VIHA’s Chief Project Officer Tom Sparrow discusses a jobs “tsunami” with Catherine Temple at a hospital project open house.

New hospital to generate jobs ‘tsunami’

The first ripples of a jobs “tsunami” will hit Campbell River’s shores next June

The first ripples of a jobs “tsunami” will hit Campbell River’s shores next June as work begins on site preparation for construction of the new hospital.

That good news comes from Tom Sparrow, Vancouver Island Health Authority’s (VIHA) Chief Project Officer.

Fresh from a similar hospital construction project in Fort St. John, Sparrow says he is already working with local educators and community organizations like the Campbell River Chamber of Commerce to set the stage for the job-generating project.

At a VIHA open house Wednesday at the Campbell River Maritime Heritage Centre, Sparrow said: “The opportunities for all of the local trades people, suppliers, service companies, restaurants and hoteliers is going to be absolutely phenomenal.

“The first thing these construction companies look for is local trades, local service companies and local suppliers. They can’t access trades people in other parts of the country and bring them in because they are busy working too. Everyone’s busy. We want to work closely with the high schools, the college. We want to talk about apprenticeships programs and opportunities with the trades associations.”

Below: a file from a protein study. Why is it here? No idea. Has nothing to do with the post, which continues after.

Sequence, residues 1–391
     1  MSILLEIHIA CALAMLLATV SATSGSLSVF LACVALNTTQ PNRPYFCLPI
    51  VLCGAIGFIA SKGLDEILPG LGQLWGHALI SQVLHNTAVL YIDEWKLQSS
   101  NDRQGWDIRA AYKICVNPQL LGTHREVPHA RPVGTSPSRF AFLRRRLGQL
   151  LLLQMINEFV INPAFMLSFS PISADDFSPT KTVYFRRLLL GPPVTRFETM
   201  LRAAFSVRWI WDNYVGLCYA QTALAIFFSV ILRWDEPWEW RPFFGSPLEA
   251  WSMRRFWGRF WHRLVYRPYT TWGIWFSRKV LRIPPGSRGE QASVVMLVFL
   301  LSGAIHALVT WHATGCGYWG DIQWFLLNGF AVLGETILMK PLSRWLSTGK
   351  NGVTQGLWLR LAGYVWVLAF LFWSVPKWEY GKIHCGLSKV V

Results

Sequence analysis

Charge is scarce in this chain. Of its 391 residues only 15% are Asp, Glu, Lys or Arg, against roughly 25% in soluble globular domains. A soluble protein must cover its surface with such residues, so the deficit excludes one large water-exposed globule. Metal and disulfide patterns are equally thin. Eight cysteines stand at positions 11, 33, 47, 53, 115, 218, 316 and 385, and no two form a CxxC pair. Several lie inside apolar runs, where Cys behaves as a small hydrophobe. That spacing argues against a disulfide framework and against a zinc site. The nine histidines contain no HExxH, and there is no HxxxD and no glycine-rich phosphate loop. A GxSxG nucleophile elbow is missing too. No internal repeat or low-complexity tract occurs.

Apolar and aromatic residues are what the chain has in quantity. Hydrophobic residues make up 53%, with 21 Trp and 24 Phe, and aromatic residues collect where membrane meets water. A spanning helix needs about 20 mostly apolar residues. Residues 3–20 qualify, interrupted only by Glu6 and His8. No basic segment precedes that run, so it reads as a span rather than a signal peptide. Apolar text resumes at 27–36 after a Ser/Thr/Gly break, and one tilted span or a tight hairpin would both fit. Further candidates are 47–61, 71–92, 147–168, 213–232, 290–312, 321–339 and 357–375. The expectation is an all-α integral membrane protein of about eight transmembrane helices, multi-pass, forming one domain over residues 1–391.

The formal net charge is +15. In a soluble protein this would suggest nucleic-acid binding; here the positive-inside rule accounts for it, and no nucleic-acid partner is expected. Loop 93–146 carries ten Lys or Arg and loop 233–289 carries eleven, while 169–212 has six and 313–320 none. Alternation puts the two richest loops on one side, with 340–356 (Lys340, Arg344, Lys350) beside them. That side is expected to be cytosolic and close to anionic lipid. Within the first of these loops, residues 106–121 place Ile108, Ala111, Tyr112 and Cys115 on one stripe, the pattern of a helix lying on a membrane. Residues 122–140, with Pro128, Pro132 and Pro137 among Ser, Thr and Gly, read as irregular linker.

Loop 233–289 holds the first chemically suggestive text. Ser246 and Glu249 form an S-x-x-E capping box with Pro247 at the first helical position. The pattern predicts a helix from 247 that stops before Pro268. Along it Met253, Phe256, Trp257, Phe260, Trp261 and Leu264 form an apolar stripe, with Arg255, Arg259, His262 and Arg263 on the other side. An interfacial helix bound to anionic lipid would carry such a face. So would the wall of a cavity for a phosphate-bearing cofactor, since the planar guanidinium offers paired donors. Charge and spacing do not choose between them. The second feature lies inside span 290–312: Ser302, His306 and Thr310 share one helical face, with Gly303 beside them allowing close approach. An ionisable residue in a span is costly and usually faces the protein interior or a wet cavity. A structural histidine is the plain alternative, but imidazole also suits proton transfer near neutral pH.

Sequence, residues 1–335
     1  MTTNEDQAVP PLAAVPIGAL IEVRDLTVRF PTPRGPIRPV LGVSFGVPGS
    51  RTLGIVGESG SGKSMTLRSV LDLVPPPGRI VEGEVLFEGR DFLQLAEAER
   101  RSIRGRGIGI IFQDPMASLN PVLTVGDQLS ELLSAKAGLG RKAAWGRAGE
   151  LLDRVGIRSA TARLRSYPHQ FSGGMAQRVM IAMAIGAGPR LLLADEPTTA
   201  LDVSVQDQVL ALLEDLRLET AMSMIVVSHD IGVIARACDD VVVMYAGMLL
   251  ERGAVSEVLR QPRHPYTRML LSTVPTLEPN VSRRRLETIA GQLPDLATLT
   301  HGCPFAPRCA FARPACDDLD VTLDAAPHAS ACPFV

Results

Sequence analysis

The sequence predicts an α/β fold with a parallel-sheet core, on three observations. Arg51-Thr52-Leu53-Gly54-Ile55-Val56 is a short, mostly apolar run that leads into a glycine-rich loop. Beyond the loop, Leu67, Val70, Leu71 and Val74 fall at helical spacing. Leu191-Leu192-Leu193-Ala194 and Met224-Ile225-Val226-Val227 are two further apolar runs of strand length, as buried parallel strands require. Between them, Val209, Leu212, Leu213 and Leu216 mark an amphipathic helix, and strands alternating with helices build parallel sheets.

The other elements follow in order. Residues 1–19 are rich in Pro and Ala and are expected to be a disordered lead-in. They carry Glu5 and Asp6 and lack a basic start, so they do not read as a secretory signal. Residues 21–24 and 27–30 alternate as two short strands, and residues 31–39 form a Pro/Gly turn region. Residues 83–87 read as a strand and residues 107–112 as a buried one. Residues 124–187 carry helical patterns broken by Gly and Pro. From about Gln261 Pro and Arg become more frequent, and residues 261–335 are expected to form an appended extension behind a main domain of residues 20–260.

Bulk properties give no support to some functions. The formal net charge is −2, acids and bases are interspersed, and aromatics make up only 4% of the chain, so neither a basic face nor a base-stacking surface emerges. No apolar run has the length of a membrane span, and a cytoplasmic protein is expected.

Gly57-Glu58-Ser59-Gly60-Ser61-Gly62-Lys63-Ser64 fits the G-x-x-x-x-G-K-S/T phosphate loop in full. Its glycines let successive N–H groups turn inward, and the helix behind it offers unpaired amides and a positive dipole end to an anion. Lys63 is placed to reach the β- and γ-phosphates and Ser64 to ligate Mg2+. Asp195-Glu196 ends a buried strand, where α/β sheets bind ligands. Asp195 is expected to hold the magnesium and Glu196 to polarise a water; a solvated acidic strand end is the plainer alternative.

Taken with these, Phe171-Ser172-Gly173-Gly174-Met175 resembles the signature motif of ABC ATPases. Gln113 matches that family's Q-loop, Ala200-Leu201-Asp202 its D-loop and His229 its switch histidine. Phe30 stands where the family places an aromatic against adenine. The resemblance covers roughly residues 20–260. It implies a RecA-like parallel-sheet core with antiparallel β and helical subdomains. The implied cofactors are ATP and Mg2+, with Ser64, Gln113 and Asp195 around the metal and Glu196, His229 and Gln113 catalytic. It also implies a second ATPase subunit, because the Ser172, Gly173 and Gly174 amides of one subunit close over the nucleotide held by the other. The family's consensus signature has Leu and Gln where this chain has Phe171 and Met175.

Sparrow said these meetings have already begun.

“We want to make sure the community is aware of what the opportunities are,” he said.

When you combine the new hospital and BC Hydro’s John Hart Generating Station rehabilitation there will be more than $1 billion in construction underway, Sparrow said.

The project manager said shovels will hit the ground in 2014, “but we will be doing preliminary work probably in June of 2013.” That work will include demolishing a small piece of the Wellness Centre and all of the Public Health facility on Birch Street adjacent to the parking lot.

Sparrow said the initial site preparation work in June will go out to tender. “We’ll be looking for local companies that can handle the demolition of those buildings.”

During the construction phase starting in early 2014 and extending to the spring of 2017 there will be between 250 and 400 workers on the site for the life of the project.

The demolition of the old hospital will present challenges, Sparrow said. “The demolition will take longer than a regular office building. It’s an older facility so we’ll have to deal with potential issues such as asbestos abatement.”

Sparrow added: “The other thing we are doing is putting in a temporary parking lot on the other side of Yucalta Lodge. We are going to match or have more parking stalls than exist now.

“Some of the physicians are quite concerned about parking and we definitely want to focus on insuring that over the next four to five years we are meeting the needs of the community, the clinical folks, the patients and family members.”

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